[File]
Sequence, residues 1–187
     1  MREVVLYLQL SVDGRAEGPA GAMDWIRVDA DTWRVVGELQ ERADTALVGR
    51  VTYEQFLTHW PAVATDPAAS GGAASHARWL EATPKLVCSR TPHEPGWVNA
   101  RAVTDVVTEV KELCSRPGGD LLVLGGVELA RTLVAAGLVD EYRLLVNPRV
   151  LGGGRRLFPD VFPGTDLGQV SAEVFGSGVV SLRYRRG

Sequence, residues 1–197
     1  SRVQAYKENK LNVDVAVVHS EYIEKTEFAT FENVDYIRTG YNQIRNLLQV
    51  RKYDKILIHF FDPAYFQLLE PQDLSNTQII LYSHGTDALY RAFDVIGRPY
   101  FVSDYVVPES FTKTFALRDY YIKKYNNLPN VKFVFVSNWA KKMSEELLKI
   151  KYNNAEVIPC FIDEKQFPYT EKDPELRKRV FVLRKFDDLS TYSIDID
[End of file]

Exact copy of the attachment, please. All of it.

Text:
Sequence, residues 1–187
     1  MREVVLYLQL SVDGRAEGPA GAMDWIRVDA DTWRVVGELQ ERADTALVGR
    51  VTYEQFLTHW PAVATDPAAS GGAASHARWL EATPKLVCSR TPHEPGWVNA
   101  RAVTDVVTEV KELCSRPGGD LLVLGGVELA RTLVAAGLVD EYRLLVNPRV
   151  LGGGRRLFPD VFPGTDLGQV SAEVFGSGVV SLRYRRG

Sequence, residues 1–197
     1  SRVQAYKENK LNVDVAVVHS EYIEKTEFAT FENVDYIRTG YNQIRNLLQV
    51  RKYDKILIHF FDPAYFQLLE PQDLSNTQII LYSHGTDALY RAFDVIGRPY
   101  FVSDYVVPES FTKTFALRDY YIKKYNNLPN VKFVFVSNWA KKMSEELLKI
   151  KYNNAEVIPC FIDEKQFPYT EKDPELRKRV FVLRKFDDLS TYSIDID